Descending the Food Chain: Backpacking Glacier National Park’s Northern Loop
By Michael Lanza
Never mind that it was the seventh straight bluebird morning of backpacking in mountains that constantly look surreal, like a painted mural backdrop in a movie. It didn’t matter that the trip had been a parade of wildlife. We even forgot about the heaviness in our legs from 15-mile days.
The menacing snarl piercing the silence seized our full attention.
My buddy Jerry Hapgood and I stood in the warm sunshine at 7,050-foot Lincoln Pass in Montana’s Glacier National Park. We had stopped for a snack after passing yet another mountain goat with a kid—I’d lost track of our goat tally for the week—and had just started ambling down the trail again when the sound stopped us cold. Then we heard it a second time, and followed it with our eyes.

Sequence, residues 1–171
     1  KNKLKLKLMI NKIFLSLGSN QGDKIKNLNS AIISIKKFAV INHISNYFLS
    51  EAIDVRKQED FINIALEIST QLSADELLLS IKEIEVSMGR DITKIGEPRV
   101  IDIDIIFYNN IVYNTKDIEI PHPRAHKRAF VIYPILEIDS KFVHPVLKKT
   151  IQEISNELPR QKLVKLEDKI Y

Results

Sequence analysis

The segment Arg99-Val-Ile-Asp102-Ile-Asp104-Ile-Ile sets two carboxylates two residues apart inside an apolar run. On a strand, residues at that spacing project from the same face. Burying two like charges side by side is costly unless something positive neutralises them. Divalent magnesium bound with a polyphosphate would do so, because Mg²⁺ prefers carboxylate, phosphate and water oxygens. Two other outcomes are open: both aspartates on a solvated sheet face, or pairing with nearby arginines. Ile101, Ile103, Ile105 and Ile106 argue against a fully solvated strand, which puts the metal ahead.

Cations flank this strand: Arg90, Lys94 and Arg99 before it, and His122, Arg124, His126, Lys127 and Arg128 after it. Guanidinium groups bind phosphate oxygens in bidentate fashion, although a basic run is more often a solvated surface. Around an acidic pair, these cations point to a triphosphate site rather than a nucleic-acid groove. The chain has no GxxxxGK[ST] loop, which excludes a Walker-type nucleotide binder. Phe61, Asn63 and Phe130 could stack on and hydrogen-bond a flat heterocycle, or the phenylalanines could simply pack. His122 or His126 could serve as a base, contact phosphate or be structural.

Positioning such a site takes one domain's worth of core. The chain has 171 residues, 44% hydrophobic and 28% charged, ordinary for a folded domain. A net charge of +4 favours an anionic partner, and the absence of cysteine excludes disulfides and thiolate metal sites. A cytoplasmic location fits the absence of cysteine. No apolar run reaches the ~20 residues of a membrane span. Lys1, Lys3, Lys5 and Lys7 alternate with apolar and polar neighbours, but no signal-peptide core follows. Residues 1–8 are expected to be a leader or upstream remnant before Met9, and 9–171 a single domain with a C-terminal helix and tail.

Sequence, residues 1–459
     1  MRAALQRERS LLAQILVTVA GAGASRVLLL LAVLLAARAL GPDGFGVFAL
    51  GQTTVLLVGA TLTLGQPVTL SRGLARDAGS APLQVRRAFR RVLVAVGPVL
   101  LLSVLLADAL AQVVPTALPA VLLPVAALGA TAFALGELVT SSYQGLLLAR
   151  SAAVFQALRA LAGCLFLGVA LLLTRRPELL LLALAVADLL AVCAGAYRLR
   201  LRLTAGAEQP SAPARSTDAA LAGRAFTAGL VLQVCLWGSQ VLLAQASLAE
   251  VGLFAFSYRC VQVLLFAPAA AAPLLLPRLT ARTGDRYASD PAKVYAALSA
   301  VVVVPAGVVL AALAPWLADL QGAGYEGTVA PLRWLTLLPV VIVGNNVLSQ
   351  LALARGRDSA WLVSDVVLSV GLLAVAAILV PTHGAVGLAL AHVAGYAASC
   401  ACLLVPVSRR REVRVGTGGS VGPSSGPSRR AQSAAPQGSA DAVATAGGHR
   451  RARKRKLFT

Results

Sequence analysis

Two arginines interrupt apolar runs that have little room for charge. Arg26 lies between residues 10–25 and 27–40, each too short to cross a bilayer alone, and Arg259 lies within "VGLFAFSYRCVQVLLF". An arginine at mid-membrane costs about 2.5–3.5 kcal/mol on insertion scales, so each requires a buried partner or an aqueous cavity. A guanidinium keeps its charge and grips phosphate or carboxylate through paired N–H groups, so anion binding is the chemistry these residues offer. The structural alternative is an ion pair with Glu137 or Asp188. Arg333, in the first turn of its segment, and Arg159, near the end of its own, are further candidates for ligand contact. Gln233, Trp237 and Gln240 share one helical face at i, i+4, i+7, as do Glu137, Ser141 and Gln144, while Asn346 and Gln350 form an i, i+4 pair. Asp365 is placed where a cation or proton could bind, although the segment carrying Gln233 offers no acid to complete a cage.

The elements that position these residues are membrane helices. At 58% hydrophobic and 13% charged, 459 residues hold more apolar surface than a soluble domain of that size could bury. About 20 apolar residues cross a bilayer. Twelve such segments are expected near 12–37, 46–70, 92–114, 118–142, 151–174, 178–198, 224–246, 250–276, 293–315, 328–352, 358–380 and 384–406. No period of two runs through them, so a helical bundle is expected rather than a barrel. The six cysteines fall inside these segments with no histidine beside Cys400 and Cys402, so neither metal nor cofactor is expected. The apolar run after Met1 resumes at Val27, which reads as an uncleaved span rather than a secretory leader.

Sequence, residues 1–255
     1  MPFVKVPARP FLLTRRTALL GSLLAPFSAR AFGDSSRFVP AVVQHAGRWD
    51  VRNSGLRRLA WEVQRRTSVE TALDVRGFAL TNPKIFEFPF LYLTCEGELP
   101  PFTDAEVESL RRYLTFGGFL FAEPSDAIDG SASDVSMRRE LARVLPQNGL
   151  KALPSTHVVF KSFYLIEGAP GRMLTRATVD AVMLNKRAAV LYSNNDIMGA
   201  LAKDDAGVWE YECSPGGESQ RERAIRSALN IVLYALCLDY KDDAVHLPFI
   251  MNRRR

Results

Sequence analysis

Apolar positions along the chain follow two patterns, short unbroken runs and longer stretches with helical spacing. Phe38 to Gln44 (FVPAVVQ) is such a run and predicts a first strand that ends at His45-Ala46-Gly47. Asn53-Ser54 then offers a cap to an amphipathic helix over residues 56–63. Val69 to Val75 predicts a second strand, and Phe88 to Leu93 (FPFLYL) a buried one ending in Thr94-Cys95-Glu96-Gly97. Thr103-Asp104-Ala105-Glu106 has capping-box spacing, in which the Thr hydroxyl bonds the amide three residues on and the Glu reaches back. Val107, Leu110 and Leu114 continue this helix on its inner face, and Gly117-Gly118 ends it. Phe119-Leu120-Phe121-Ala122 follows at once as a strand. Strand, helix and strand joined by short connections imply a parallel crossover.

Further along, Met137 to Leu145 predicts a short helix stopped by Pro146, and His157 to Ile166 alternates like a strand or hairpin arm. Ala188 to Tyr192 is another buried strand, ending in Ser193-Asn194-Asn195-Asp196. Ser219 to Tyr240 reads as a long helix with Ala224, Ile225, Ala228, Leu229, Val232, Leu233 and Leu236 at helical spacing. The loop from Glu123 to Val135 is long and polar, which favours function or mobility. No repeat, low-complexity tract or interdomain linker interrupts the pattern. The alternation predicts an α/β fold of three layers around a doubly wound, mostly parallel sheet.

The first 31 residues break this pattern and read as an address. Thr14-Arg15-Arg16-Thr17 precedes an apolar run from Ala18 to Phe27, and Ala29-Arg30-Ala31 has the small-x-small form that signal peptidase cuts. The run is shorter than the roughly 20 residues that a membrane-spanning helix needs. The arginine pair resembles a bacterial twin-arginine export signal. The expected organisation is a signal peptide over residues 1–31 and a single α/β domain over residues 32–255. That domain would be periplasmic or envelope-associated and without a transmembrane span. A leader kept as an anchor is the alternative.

Below us about 200 vertical feet and three switchbacks, the authors of the menacing snarls wrestled in the sparse conifer forest beside a small tarn: two grizzly cubs. Grazing nearby was their mom, whom I’ll politely describe as a big woman. They were about four steps off the trail we needed to descend, a distance I quickly calculated that sow griz could close, at her max speed of 35 mph, in 0.16 seconds.
I felt suddenly very anxious.
We waited, watching the bears. No amount of yelling, “Hey bear!” sent them packing. No amount of impatience persuaded us to just go for it and walk past them. An hour crawled by. Then three other hikers came along, two men and a woman in their 20s, going in our direction.
After a brief, excited discussion, we concurred on a plan: The five of us would hike down together, making abundant noise, exploiting the impressive force of our numbers to scare the grizzlies away. It seemed like an excellent idea. As Jerry and I turned to retrieve our packs, the woman in their trio said, gravely, “There are the bears, guys.”
When we looked downhill, she added, “No, behind you.” I doubt I’ll ever forget the cold shiver her words sent through me.